What’s the Best Single Exercise Machine?


Let’s start off by point out that this is somewhat of a loaded question and here’s why – are you interested in a cardio or strength machine? You need to know what category to look at before you can begin to understand what might be the best single exercise machine for your needs.

If you’re looking for a the best type of cardio machine, you can’t go wrong with a rower because it will give you a full body workout. This machine provides a great workout for your upper body, legs, back, etc. Sure, a treadmill will result in more energy expenditure, but you’re almost entirely neglecting your upper body. Additionally, if you have any sort of leg injury that’s aggravated by high impact movements then a treadmill is out. See our recent guide about why a rowing machine is the best full body workout equipment for cardio you can buy.

For strength training, the answer isn’t as straight forward. This meta-filter thread shows discusses the best single exercise machine, and you can see a lot of the bros immediately suggest a squat rack and a bench with weights (dumbbells and barbells) is the way to go. Arguably though this may or may not be a single exercise machine, especially if you consider getting dumbbells and barbells. Barbells and a squat rack will let you do safely do squats, deadlifts, bench presses (wide, close grip and incline) and barbell curls. You can also do a type of reverse, incline pull-up that will work the back really well, especially if you do 10 or so and then raise the bar a peg, do 10 more and keep going. (You will be gassed out at the end – trust me.)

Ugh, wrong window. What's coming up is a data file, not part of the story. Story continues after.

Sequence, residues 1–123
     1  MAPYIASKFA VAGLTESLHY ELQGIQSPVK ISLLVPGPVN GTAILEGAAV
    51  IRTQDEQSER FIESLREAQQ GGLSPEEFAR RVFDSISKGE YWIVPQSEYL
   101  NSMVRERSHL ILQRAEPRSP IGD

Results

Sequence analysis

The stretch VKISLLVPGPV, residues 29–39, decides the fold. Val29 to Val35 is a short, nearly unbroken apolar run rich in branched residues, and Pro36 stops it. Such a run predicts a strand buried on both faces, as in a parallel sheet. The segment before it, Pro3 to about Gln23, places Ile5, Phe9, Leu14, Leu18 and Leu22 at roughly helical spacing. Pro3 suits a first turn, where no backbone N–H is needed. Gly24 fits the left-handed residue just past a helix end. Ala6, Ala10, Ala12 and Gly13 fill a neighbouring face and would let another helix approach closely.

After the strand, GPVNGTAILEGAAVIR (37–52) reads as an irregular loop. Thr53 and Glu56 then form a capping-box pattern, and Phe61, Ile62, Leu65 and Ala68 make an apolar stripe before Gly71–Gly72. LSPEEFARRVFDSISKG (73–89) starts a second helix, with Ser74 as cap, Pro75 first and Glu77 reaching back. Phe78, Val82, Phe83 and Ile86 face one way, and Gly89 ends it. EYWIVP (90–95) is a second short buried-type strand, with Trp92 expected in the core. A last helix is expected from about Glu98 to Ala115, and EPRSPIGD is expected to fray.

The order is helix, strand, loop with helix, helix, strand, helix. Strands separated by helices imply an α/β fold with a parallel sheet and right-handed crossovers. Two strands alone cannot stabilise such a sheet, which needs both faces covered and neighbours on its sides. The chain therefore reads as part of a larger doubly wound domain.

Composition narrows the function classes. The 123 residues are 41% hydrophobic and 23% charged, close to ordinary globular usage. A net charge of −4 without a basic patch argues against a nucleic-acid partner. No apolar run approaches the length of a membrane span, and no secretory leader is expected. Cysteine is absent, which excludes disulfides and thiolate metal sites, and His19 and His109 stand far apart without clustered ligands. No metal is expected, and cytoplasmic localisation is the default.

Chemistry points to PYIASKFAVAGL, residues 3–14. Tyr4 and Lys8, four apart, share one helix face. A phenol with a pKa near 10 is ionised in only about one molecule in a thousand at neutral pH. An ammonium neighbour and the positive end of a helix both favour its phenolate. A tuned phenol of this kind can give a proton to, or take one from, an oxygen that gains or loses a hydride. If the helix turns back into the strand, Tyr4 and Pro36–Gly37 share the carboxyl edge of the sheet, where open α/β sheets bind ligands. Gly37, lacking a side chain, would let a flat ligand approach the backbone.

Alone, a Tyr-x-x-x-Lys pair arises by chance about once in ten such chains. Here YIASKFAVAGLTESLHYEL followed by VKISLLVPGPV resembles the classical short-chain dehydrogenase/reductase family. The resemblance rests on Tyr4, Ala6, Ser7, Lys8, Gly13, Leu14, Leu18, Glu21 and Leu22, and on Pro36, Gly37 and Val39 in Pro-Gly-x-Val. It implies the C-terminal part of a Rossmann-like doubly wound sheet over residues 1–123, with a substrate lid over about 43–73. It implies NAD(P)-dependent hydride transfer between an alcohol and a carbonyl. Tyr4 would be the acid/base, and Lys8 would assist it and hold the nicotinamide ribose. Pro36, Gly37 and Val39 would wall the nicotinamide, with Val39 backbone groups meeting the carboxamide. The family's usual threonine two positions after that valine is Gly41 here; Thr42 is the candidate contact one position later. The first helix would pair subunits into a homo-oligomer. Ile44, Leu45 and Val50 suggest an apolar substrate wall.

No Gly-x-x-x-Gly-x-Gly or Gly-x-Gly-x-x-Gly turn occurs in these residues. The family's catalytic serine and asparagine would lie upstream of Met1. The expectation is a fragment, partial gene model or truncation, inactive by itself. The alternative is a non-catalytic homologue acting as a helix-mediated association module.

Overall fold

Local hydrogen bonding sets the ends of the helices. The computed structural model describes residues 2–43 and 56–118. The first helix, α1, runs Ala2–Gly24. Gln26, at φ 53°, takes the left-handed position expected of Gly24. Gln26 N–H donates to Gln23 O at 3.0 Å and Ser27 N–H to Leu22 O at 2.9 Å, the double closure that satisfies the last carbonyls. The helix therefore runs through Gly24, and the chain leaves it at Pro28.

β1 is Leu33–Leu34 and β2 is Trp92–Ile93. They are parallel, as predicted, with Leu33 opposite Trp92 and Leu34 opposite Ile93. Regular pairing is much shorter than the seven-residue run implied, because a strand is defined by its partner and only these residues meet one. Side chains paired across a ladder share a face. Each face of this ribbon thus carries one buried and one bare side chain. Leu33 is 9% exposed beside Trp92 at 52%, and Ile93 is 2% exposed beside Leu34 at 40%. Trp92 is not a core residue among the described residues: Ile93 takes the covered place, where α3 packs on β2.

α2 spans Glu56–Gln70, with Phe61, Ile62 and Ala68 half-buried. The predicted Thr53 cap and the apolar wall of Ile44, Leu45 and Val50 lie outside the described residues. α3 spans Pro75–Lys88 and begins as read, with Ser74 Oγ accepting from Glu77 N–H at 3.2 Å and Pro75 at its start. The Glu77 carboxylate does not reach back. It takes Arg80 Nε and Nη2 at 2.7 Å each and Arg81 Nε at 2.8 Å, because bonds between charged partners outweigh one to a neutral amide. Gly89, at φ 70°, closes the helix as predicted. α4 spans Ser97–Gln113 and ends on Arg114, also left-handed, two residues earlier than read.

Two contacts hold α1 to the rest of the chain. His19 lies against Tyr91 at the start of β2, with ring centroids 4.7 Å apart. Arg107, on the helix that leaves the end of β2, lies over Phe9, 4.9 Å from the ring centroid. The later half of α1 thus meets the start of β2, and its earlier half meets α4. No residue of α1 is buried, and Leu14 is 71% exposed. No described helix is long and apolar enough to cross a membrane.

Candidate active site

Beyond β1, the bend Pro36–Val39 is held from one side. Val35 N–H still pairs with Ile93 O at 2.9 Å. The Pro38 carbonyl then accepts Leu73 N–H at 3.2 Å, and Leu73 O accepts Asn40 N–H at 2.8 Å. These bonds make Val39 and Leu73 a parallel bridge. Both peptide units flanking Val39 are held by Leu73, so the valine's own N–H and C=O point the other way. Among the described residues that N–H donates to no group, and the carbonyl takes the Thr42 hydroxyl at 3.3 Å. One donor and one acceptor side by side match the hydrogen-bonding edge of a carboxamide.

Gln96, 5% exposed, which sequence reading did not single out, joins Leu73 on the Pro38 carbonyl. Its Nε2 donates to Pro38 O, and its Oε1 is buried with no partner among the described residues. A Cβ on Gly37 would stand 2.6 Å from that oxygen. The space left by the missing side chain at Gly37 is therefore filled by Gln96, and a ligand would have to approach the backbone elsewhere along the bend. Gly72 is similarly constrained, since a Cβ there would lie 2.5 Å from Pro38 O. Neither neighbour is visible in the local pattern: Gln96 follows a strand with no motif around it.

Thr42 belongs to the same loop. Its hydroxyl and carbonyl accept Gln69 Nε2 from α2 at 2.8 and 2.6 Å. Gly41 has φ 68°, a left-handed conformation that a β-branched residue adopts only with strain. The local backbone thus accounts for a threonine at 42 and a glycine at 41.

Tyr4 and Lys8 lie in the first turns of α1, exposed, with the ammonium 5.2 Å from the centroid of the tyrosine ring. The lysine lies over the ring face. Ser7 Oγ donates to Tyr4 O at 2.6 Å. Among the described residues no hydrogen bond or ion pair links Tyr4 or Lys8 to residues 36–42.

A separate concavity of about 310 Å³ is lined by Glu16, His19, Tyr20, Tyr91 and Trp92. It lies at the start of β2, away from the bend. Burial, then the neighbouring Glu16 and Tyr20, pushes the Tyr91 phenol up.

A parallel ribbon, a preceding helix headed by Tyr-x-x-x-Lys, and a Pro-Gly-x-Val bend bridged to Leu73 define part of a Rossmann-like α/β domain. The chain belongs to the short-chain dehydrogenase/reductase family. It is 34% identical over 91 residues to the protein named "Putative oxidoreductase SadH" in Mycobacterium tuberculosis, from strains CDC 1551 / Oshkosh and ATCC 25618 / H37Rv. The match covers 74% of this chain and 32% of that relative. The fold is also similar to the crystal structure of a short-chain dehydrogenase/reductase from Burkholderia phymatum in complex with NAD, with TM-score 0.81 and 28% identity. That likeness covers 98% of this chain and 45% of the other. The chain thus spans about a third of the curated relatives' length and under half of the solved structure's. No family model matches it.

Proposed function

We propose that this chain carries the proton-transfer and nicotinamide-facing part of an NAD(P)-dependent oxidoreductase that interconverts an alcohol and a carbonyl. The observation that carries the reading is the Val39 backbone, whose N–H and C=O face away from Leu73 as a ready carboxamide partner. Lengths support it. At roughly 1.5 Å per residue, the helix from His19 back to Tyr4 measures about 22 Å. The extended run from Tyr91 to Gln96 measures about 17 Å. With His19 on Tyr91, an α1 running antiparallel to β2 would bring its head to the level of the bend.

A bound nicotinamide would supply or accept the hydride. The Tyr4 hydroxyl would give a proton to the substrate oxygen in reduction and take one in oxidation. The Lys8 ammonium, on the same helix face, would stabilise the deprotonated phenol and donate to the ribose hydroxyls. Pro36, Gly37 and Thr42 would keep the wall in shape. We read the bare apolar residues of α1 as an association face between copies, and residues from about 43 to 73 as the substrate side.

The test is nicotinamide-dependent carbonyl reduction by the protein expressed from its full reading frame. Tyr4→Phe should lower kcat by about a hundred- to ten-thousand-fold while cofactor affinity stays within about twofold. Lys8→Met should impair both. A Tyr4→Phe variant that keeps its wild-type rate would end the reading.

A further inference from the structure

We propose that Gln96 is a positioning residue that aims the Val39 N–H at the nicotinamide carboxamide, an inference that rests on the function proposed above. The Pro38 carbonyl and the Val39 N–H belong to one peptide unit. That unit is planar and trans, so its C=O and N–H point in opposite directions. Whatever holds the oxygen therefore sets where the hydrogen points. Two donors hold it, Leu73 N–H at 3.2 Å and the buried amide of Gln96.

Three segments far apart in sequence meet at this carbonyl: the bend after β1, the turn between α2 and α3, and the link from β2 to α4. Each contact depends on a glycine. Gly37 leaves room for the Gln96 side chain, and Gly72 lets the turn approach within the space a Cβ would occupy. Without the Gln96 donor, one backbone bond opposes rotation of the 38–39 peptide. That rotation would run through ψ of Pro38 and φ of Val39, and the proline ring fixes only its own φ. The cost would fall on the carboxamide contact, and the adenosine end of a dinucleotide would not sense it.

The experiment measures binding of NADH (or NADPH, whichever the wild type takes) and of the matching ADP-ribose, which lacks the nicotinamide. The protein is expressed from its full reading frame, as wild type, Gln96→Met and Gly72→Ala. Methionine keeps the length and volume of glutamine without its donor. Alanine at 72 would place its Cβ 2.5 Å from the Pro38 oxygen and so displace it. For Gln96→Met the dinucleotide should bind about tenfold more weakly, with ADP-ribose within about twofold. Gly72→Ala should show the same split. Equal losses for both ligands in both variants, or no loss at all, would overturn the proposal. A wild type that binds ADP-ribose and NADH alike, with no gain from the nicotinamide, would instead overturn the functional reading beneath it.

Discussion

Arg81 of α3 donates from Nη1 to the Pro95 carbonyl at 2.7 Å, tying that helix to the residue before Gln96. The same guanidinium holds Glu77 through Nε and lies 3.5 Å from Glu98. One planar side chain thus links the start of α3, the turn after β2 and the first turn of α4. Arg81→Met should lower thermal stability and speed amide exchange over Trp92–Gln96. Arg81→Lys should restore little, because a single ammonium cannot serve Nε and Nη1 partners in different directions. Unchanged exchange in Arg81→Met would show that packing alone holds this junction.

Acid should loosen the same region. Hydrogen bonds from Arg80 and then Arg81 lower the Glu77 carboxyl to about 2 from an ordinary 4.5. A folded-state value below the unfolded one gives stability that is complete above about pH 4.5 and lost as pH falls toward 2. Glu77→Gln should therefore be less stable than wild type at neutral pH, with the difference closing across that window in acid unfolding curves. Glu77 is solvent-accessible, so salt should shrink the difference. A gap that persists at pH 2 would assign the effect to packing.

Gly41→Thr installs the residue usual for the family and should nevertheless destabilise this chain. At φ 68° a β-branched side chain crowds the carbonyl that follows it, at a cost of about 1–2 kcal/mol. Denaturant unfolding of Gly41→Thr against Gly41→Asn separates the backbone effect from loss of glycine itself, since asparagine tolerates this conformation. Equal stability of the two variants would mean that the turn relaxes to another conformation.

Dumbbells alone, on the other hand, don’t really let you do a traditional squat or deadlift but you can do dumbbell versions of each. Theses are fairly effective even when you’re using dumbbells, but it’s different from doing the same exercises with a bar. There’s no way to get around the difference in mechanics.

Then this brings us to the kettlebell. You can do a lot with these, but most people aren’t overly familiar with this piece of equipment – how many people do you see using this regularly in your gym? Now compare this to the number of people you last saw using dumbbells or barbells in that same gym. Exxxactly.

All being said, we’ve compiled a list below of the best rated training equipment in each category, matching the criteria laid out above. These ratings are pulled from Amazon and are based on aggregate user ratings along with answered questions. This is meant to be a starting point for you and not the definitive answer. You can use this guide to find related items that are in your price range or that match your space or physical needs.

Best Rated AirBike –¬†Assault AirBike by Assault Fitness

With nearly 200 reviews and 4.4 stars, Assault AirBike by Assault Fitness . We don’t like it over a rowing machine, but for people who don’t want to go through that motion this is a solid option, even if it’s not the most effective option. An included computer program will let you do Tabatas and intervals.

This machine isn’t exactly cheap, but there are even more expensive options out there.

Best rated Upright Bike

This category has a few options worth looking at, depending on your personal needs. If you don’t have a lot of space, there’s a fold up bike by Exerpeutic that supports up to 400 lbs. When you’re done with it, you can stow it away until you’re ready to use it the next day. If you need an even smaller footprint, the same company¬†makes a slightly different version that’s also foldable . This version has a whopping 4800+ reviews and 4.4 stars. It also has the coveted “Amazon’s Choice” badge, so you’re know you’re not getting a questionable product, even though the price starts at less than $130.

The weight it can support is less (300 lbs vs 400 lbs) and people not between 5’3″ and 6’1″ are out of luck as this bike won’t fit them, but the included heart pulse monitor in the hand grips makes this product hard to beat.



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